In December the United Nations will convene in Paris, for the purpose of hammering out an international agreement on climate change. Last month the UN Framework Convention on Climate Change distributed draft language to serve as options for the agreement that may be decided in December. In this post I’ll show that the “Negotiating Text” proposed climate change goals that can’t be justified, using the UN’s own reports. Furthermore, we see yet more evidence that such agreements will carry top-down economic planning that serves to advance reformers’ social goals far beyond an alleged climate problem.

The Big Picture: Emission Cuts That Even UN Documents Can’t Justify

To reiterate, the document that has been released to the public contains many options for the representatives who will meet in December. However, most of what I quote in this blog post is repeated in various forms in the options presented; the passages in this post fairly represent the spirit of the text.

The overriding purpose of the proposed agreement is for signatory parties to put the world on a path to greenhouse gas emission trajectories that will, according to the Intergovernmental Panel on Climate Change (IPCC), limit global warming (relative to preindustrial times) to at most 2 degrees Celsius, but possibly as little as 1.5 degrees Celsius. The Negotiating Text doesn’t try to justify these goals—certainly not by showing they somehow pass a cost/benefit test—but merely takes it for granted that the science contained in the latest IPCC report shows that a 2°C (at most) cap is necessary to “prevent dangerous anthropogenic interference with the climate system” (p. 6).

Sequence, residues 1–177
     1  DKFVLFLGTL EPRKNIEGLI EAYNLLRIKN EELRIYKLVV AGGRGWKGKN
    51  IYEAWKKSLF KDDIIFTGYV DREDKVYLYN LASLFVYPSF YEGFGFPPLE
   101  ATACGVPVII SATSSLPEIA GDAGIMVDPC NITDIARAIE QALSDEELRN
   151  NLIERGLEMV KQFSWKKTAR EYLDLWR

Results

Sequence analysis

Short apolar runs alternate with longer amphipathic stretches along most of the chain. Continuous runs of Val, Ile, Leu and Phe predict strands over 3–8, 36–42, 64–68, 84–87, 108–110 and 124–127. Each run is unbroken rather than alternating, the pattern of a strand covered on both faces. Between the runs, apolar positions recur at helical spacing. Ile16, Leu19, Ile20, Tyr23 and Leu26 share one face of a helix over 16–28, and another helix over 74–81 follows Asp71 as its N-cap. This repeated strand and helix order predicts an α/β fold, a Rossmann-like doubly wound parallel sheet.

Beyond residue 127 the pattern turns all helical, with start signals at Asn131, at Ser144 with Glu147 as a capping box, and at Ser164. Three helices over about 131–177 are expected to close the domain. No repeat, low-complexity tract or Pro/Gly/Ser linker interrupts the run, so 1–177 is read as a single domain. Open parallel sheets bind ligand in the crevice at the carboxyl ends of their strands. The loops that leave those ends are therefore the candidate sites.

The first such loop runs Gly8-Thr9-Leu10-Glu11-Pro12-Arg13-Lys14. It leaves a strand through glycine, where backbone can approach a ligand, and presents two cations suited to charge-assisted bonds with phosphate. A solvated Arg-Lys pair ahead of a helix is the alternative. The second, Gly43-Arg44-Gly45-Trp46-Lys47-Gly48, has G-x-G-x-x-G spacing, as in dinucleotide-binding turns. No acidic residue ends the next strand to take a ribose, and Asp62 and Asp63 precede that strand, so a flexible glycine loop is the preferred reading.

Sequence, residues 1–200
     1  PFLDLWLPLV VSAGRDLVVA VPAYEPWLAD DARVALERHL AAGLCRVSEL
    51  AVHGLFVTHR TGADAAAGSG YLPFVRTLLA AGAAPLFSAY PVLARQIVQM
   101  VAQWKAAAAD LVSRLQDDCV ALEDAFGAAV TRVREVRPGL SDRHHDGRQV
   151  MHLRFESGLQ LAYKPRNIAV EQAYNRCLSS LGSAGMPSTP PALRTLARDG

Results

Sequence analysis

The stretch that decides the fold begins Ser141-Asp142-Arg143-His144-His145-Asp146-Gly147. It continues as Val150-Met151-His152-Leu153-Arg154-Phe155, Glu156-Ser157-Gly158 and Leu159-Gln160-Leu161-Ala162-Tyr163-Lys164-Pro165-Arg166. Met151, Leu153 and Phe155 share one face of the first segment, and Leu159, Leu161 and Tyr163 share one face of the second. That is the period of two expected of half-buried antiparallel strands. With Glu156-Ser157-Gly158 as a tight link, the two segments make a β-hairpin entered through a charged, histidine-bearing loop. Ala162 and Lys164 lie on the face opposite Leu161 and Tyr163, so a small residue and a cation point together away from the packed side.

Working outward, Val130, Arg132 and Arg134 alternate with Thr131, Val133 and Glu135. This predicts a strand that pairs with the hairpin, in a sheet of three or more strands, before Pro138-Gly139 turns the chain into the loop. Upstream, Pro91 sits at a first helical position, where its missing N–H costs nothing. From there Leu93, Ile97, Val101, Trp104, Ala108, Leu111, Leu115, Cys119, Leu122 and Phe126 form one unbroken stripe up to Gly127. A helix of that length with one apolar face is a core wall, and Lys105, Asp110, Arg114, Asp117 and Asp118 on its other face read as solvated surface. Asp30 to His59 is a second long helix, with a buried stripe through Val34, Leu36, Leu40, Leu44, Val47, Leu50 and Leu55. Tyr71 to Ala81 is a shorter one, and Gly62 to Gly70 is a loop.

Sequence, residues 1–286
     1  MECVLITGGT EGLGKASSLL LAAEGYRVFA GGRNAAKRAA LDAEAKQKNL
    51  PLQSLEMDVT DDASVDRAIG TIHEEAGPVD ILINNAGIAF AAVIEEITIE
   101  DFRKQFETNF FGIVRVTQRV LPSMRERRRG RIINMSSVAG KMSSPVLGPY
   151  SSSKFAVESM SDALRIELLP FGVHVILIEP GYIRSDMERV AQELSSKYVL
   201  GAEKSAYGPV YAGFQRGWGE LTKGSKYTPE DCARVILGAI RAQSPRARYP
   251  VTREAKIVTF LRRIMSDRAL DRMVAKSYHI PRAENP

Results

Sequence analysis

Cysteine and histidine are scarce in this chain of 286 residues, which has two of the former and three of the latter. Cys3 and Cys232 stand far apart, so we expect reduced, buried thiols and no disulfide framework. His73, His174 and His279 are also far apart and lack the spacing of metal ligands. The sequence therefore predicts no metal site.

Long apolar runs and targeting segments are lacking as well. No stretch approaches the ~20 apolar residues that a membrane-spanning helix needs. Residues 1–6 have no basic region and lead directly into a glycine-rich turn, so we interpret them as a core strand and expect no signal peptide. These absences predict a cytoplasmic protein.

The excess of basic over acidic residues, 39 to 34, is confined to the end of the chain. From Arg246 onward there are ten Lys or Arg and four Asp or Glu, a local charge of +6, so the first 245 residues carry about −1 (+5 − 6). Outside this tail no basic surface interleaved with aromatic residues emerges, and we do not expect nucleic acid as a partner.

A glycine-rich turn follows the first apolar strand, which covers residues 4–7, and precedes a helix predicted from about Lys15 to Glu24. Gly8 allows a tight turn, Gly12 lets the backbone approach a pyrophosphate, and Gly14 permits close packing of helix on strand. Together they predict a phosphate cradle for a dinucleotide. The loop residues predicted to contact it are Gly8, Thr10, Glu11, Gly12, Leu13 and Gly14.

Such a temperature ceiling will of course require draconian cuts in emissions. Specifically: “5.1. Option (a): Ensuring significant global greenhouse gas emission reductions over the next few decades or a 40–70 per cent reduction in global greenhouse gas emissions below 2010 levels by 2050 and near-zero emissions of carbon dioxide (CO2) and other long-lived greenhouse gases by the end of the century” (p. 5, bold added).

Ironically, the IPCC’s reports don’t actually justify a 2°C ceiling on global warming, let alone a 1.5°C limit. In a previous IER post, I used the latest IPCC report itself to show that the economic costs of meeting a 2°C ceiling would likely exceed the avoided climate change damages. Specifically, according to the IPCC’s AR5 report, the economic cost of limiting the globe to 2°C of warming would be around 3.4 percent of global consumption in 2050 and 4.8 percent in 2100. Such a level of economic cost from restrictions on emissions is higher than the climate change damage that those restrictions would prevent, according to the actual damage estimates under various scenarios contained in the IPCC’s AR5 report. (Refer to my earlier post for full details.)